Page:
"What I always share with chefs from all over the world: most of you are so lucky to have so much documentation about your culture and cuisine. Cambodian chefs like me hardly have any books. We’re slowly getting back all the recipes, but it takes time.

"If you lose the skilled people, but still have the documentation – you have something. If you lose the documentation, but still have the skilled people – you still have something. We had neither. When Cambodia finally found some peace in 1991, it took years until we really started to work on our culinary heritage. It just didn’t have any priority before then."

The Khmer Rouge had a devastating impact on many aspects of society. With the country in calmer waters, Luu Meng is trying to re-establish as much as possible of what got lost.
"I travel all around the country to collect recipes from as many grandmothers as I can find. For some dishes, I have 10 or 20 different recipes. People often misunderstand Cambodian food and confuse it with Thai or Vietnamese. Thai food is usually cooked fast and tends to be spicier and sweeter (to balance out the spiciness) than Cambodian food. Vietnamese food, however, uses more herbs, lemon, garlic and fish sauce. It’s very different. Cambodian food is more slow-cooked and uses milder spices.

"It’s fascinating to see how many influences Cambodian cuisine has. Our relations with India date back to ancient times and brought us curries. We enjoy beautiful, light, seafood and vegetable soup because of the Chinese, and the gourmet aspect came thanks to the French. Another curious influence from France is frogs. They’ve been on the menu in France for centuries, and we have a local variety: frog stuffed with kroeung."

Samlor korko

The Dish

What is samlor korko influenced by?
“It’s the Cambodian version of ratatouille [a vegetable stew from the Provence]! Our version is slow-cooked just like the French one, but of course, has many Cambodian flavours. We use the fermented fish paste (prahok), the curry paste (kroeung) and local vegetables. The traditional version is with fish, but you can easily leave it out and add another vegetable or two.”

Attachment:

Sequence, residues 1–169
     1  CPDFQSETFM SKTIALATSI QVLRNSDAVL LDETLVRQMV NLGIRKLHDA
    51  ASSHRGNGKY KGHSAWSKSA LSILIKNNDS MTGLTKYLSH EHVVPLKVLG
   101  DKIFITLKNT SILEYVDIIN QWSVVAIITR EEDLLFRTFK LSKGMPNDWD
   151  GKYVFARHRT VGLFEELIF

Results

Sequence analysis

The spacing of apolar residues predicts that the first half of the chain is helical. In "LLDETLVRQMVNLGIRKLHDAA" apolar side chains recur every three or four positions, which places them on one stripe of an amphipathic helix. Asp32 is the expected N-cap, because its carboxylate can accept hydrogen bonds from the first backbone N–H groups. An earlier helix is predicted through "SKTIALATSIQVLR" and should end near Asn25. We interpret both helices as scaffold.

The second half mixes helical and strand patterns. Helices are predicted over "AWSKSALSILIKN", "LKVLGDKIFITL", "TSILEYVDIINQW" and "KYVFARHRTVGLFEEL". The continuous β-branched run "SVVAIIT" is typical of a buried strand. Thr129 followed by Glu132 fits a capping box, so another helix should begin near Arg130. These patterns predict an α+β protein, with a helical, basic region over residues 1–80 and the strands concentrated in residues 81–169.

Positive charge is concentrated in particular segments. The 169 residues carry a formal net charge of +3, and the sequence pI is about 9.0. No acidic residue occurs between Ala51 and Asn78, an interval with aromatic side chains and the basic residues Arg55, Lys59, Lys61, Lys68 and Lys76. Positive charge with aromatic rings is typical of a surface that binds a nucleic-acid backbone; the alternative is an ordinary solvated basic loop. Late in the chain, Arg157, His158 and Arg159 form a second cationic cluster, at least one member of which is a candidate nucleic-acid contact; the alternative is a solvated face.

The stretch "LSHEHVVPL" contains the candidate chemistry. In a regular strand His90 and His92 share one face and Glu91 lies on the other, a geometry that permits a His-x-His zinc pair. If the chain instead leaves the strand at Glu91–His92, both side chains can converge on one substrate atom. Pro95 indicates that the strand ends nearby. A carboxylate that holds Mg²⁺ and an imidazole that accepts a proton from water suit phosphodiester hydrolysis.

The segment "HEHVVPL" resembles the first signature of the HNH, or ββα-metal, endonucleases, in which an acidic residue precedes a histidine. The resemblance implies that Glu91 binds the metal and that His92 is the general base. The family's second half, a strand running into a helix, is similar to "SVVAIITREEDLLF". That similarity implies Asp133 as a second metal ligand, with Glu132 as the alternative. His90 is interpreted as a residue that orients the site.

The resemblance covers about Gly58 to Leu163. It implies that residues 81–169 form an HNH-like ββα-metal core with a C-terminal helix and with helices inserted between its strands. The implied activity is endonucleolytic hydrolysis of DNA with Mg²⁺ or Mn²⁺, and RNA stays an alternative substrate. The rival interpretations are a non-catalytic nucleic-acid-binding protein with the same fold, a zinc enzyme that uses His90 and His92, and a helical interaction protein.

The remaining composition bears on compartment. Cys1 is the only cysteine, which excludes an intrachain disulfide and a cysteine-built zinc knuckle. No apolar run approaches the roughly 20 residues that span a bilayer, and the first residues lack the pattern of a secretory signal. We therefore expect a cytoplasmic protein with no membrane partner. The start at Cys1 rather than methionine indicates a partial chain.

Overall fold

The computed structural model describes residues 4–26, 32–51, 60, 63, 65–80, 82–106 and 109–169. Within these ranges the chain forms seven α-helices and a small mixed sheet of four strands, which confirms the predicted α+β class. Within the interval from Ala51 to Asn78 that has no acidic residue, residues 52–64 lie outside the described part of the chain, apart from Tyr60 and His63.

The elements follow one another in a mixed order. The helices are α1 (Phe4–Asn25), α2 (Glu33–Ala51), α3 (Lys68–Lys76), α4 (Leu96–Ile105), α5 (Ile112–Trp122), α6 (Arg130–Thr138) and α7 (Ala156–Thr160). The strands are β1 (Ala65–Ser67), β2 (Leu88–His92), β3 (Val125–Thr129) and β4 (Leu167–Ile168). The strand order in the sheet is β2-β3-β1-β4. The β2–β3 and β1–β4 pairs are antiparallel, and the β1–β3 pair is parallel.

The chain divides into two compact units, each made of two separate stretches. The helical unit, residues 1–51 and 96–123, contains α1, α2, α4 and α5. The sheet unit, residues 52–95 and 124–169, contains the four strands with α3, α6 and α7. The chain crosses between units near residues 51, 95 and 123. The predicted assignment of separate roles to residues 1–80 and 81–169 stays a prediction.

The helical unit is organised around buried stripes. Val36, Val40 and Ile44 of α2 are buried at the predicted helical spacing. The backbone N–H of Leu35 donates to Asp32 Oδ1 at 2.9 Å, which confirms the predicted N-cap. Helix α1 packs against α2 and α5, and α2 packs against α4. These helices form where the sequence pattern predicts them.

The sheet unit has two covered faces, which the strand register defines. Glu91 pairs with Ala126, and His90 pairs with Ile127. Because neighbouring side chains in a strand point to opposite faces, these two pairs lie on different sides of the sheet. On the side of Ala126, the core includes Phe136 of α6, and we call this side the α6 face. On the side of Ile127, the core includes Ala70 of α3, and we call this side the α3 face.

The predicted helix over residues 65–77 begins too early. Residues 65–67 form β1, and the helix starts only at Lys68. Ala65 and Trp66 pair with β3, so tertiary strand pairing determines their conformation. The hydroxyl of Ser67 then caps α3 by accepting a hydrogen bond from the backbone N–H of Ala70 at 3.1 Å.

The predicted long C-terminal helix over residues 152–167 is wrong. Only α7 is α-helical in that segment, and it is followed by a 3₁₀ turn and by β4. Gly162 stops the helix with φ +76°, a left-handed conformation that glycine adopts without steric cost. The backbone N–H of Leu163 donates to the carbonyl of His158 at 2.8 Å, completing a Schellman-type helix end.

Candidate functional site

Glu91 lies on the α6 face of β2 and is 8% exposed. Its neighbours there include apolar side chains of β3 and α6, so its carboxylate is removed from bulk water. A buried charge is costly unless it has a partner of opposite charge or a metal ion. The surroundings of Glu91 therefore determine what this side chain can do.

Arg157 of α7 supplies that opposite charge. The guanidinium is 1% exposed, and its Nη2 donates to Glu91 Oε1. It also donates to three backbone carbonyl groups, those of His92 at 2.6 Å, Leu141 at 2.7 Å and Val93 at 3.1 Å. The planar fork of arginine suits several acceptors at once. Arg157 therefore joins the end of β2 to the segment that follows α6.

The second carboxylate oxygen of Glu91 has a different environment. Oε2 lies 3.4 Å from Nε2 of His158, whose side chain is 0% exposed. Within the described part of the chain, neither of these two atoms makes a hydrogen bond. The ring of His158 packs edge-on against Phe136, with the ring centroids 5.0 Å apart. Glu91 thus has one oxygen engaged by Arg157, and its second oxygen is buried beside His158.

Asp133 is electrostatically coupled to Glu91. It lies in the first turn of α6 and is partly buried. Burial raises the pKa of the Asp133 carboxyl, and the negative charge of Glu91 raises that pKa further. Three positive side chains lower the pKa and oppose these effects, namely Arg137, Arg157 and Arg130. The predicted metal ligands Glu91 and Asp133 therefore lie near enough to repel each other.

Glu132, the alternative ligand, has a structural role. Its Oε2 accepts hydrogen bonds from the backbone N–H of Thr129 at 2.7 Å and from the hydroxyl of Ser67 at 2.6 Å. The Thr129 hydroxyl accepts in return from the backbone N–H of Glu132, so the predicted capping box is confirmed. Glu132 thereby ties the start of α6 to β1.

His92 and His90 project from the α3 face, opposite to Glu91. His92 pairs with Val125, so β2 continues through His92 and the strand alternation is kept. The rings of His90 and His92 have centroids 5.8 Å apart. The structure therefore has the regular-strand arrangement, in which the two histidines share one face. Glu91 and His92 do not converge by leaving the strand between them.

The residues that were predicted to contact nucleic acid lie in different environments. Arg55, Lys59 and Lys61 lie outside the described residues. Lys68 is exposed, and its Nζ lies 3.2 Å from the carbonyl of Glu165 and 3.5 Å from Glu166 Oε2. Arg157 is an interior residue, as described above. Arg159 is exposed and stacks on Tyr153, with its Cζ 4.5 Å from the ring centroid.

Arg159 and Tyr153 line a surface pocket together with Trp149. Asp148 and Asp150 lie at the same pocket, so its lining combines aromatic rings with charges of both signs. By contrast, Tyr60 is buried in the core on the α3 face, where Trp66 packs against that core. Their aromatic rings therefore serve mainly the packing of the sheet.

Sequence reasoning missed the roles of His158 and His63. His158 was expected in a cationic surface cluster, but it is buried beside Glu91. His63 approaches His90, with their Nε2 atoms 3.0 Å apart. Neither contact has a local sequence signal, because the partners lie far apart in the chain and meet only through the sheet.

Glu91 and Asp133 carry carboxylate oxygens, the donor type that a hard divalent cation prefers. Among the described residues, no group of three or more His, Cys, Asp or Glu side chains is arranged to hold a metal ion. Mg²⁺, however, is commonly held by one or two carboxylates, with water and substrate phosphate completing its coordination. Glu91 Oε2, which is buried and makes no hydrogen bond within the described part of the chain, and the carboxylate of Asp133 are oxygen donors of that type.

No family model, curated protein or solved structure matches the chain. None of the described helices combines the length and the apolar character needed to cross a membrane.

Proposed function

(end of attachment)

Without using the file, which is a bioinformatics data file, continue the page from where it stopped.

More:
Is it popular throughout the country?
“It is, and it’s a dish for everyone. It’s everyday food that people can have, even on the most basic of incomes. No matter how poor or rich, it’s a dish you always come back to.”

The Ingredients

Kroeung
6
lemongrass stalks, thinly sliced
16
makrut lime leaves
60 g
fresh turmeric, thinly sliced (or 2 tsp ground turmeric)
10
cloves of garlic, roughly chopped
60 g
galangal, thinly sliced
3
shallots, finely chopped
1 tsp
salt
Samlor korko
2 tbsp
vegetable oil
1 tbsp
prahok
100 g
kroeung
2 tsp
palm sugar or brown sugar
500 g
meaty, white fish in large chunks
4 tbsp
roasted rice (optional)
800 g
seasonal vegetables, in bite-size pieces (traditional vegetables include pumpkin, green papaya, eggplant, green beans, winter melon)
100 g
leafy vegetables
Kroeung
6
lemongrass stalks, thinly sliced
16
makrut lime leaves
4 tbsp
fresh turmeric, thinly sliced (or 2 tsp ground turmeric)
10
cloves of garlic, roughly chopped
4 tbsp
galangal, thinly sliced
3
shallots, finely chopped
1 tsp
salt
Samlor korko
2 tbsp
vegetable oil
1 tbsp
prahok
100 g
kroeung
2 tsp
palm sugar or brown sugar
2 lbs
meaty, white fish in large chunks
4 tbsp
roasted rice (optional)
1.7 lbs
seasonal vegetables, in bite-size pieces (traditional vegetables include pumpkin, green papaya, eggplant, green beans, winter melon)
3.5 oz
leafy vegetables

The Recipe

Total preparation time: unknown | Yield: unknown | Category: unknown

Kroeung

  1. Pound all ingredients together in a large mortar and pestle until it forms a thick, smooth paste. You can use a blender or food processor, but the texture the mortar and pestle yields is hard to replicate using a machine.

Samlor korko

  1. Cook the prahok in the oil for about 10 minutes over medium heat, until it has coloured slightly. Add the kroeung and sugar and cook for a minute or so, until fragrant.
  2. Add the vegetables and stir until well coated with the kroeung and prahok. Add the fish and roasted rice (if using), and gently stir until well combined.
  3. Add stock or water to cover and boil until the vegetables and fish are almost cooked through, about 5-10 minutes.  
  4. Add the leafy vegetables, stir and season to taste.
  5. Serve with white rice or as is.